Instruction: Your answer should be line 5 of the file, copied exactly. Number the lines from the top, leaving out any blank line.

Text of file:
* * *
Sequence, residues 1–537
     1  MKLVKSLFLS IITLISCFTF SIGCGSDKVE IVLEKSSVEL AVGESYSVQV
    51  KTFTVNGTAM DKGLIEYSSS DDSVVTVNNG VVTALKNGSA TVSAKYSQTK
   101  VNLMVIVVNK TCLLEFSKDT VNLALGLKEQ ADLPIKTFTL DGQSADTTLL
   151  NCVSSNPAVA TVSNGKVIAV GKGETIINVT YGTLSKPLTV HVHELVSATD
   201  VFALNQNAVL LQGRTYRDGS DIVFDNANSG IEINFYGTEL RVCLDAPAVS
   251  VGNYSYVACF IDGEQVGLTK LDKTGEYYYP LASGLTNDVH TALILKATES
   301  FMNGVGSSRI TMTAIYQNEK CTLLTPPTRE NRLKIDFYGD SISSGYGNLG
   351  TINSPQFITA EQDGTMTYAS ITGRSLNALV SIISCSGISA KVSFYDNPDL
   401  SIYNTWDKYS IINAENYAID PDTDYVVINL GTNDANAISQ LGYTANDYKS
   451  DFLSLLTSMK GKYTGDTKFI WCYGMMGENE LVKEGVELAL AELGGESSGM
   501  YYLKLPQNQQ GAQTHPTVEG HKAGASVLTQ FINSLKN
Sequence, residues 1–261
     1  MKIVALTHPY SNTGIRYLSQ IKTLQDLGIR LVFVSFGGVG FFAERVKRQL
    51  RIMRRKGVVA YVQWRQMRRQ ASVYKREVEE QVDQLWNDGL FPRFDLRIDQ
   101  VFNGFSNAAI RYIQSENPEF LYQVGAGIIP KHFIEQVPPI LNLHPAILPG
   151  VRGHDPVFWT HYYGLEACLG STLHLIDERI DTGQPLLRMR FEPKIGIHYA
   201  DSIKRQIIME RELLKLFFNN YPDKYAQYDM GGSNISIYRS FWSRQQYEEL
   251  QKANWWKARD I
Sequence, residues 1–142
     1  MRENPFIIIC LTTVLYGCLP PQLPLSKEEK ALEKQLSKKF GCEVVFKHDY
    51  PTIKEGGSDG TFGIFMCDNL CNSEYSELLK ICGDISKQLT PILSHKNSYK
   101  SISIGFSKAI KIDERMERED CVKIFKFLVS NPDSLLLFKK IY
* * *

   151  NCVSSNPAVA TVSNGKVIAV GKGETIINVT YGTLSKPLTV HVHELVSATD